The image that teased the Day in the Life of Larchmont exhibit on posters and press was this one above, of the Larchmont Train Station. It was taken by Elisabeth Pollaert, a professional photographer in Larchmont.
She says the train photo (and others in a series) were taken using a tripod.
“I set up in a place that I thought looked good, with the sunset in the distance, the clouds overhead, and the station lights in good places, and I just waited for trains to come in. Every time a train came in, I took pictures from the time it approached the station until the time it pulled out. As it got darker, I used slower and slower shutter speeds, which is why on that one shot, (see Closing Photo today at 6:00 pm) you only see one person, the one who stood still, and everyone else looks like a ghost, because I was using a reasonably slow shutter speed by then.”
Ms. Pollaert was a hobby photographer who turned it into a career, and has a special love for travel photography.
“What is really amazing to me is to capture a sense of a place, to have someone say, ‘wow, I sort of feel like I have been there now.’ One tour guide, in Syria, was frustrated that I never took pictures of the things that he pointed out to me, the things that tourists always take pictures of. He asked, ‘what do you want to take a picture of, then?’ I replied, ‘Syria. I want to take a picture of Syria.’ I think he thought I was a little nuts.”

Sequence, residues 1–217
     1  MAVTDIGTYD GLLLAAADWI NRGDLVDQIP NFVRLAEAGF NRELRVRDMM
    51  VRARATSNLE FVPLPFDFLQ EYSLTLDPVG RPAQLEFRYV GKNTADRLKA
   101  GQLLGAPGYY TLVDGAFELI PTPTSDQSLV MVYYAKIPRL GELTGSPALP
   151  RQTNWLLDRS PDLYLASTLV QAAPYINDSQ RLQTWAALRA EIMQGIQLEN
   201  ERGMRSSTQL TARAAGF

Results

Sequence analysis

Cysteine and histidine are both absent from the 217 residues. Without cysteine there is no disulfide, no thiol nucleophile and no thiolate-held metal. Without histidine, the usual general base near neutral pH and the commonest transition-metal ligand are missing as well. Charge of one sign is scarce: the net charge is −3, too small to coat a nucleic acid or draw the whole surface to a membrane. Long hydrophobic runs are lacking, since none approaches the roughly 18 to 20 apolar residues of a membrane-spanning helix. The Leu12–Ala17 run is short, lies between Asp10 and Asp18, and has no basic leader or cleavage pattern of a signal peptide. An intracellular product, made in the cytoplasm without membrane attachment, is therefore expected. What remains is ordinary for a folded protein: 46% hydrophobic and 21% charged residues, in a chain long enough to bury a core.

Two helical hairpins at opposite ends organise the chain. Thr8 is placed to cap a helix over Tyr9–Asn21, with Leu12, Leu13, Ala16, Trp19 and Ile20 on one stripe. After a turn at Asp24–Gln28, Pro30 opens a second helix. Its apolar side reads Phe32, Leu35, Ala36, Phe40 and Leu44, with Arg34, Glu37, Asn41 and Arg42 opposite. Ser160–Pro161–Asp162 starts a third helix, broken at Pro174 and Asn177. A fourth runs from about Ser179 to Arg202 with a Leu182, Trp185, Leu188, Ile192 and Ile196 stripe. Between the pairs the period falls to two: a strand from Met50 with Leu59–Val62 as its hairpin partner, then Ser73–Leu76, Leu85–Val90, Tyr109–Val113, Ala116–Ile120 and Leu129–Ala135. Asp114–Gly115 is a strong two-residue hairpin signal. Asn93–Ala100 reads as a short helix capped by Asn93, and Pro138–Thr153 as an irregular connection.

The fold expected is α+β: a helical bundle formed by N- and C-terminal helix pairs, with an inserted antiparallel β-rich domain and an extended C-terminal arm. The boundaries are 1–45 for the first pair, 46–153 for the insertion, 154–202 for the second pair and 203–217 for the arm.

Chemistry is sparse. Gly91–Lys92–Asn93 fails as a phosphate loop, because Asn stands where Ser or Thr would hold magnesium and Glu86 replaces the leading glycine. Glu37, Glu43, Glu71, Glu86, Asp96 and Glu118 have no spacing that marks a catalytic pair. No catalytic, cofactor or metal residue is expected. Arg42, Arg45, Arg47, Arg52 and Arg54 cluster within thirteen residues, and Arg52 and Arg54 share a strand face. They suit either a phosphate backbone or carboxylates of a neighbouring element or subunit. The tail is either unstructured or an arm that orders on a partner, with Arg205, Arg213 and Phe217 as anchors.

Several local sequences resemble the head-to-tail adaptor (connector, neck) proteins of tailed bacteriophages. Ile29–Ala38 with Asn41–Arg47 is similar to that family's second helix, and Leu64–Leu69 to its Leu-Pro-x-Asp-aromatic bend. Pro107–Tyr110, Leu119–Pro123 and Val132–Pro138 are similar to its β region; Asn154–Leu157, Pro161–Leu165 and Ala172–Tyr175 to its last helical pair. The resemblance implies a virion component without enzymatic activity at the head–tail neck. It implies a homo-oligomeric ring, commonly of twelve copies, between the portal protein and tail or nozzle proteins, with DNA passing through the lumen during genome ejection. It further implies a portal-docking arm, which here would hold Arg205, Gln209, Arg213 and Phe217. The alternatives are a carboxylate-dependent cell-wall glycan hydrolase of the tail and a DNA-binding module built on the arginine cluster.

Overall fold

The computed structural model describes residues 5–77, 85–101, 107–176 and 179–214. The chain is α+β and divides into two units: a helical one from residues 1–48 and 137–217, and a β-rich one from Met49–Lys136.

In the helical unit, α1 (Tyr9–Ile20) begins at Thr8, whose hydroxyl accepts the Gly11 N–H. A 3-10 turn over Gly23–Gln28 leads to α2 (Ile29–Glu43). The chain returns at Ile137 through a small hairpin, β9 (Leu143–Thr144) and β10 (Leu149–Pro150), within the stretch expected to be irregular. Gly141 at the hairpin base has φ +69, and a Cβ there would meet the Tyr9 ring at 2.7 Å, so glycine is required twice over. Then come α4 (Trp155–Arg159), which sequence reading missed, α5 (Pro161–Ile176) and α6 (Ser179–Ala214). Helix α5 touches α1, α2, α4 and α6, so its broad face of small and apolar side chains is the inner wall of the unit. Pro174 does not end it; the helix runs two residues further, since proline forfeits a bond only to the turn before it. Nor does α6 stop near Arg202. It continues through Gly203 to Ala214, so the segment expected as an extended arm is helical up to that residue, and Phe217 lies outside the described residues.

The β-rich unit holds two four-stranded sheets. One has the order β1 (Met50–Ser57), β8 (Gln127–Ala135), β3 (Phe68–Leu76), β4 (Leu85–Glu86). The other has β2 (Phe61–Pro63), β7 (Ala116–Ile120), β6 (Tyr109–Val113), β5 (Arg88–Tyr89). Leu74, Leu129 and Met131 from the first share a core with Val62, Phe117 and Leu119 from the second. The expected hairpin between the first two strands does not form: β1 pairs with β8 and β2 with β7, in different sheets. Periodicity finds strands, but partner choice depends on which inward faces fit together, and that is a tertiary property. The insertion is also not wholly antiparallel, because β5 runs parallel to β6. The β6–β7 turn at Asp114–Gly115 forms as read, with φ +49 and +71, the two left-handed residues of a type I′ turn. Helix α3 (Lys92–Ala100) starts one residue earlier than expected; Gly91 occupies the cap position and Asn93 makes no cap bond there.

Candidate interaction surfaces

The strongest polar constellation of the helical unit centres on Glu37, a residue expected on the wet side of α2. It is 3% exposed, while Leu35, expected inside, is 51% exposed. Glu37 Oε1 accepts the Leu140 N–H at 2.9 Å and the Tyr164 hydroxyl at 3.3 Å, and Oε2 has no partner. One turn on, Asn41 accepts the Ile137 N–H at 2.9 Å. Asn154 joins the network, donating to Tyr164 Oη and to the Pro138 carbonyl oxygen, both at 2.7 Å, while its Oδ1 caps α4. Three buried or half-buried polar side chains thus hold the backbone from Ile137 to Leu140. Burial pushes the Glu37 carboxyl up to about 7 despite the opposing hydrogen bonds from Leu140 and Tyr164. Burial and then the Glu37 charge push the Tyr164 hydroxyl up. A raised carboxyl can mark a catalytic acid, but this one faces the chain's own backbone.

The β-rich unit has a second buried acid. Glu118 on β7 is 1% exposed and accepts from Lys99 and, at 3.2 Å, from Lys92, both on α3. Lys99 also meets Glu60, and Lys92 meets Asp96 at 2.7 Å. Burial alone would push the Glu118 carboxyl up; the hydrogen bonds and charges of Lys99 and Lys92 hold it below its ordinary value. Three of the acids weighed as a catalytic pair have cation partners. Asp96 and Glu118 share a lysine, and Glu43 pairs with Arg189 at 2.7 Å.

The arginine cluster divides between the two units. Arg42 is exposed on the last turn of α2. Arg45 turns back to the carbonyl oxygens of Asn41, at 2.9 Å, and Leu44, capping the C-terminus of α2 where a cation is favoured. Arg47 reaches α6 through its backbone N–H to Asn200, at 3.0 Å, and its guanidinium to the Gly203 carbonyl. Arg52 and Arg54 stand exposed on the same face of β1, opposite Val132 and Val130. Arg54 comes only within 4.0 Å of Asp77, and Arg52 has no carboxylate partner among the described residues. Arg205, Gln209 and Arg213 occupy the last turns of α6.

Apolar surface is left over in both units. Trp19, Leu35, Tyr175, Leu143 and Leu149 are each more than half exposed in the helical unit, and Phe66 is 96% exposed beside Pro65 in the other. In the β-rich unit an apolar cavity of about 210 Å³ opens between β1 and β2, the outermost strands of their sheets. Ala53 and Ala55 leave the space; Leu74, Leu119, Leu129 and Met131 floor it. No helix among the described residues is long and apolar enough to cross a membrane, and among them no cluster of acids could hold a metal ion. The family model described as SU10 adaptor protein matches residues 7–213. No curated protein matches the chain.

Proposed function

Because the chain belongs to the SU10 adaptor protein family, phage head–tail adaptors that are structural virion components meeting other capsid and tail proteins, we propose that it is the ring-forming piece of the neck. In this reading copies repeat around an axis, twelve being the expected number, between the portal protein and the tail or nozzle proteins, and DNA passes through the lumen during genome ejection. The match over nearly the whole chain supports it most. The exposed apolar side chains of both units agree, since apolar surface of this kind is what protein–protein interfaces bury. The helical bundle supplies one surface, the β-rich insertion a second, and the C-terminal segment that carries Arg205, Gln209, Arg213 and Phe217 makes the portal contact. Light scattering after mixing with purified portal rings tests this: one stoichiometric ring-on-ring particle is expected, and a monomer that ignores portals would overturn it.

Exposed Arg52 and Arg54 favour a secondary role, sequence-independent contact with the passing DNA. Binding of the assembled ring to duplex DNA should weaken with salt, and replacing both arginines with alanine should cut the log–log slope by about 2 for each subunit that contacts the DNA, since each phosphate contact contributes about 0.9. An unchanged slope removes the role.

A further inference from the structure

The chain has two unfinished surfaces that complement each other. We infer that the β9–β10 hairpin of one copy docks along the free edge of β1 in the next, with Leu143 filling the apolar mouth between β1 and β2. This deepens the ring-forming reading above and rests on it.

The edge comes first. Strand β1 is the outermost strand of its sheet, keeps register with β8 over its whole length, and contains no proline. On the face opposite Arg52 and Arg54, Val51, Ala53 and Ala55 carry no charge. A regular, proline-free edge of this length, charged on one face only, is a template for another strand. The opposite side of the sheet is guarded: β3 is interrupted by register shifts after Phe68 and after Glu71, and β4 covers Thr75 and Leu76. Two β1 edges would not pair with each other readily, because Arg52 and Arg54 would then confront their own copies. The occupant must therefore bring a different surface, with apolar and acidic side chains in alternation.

One recent project took her to Ethiopia. “I went there to photograph the work that a group of volunteer neurosurgeons do there. The organization I went with is K.A.N.S., the Korean American Neurosurgery Society. They go there and train local neurosurgeons and do operations. There is a big problem there with pregnant women not getting enough folic acid, which results in a condition where there a lot of fluid in the brain of their baby and it has to be drained surgically. If it’s done in time, the child will be fine. So they do a lot of those operations, also back issues, herniated disks, and helping accident victims with fractured spines.”
Her next project will be a lot closer to home, “Shelter Cats,” taken on an iPhone (so as not to scare the cats with a camera) at the New Rochelle Humane Society.
“My goal is to show that shelter cats are beautiful and amazing animals,” she says. The photos will be shown at The Voracious Reader from April 8th through 22nd.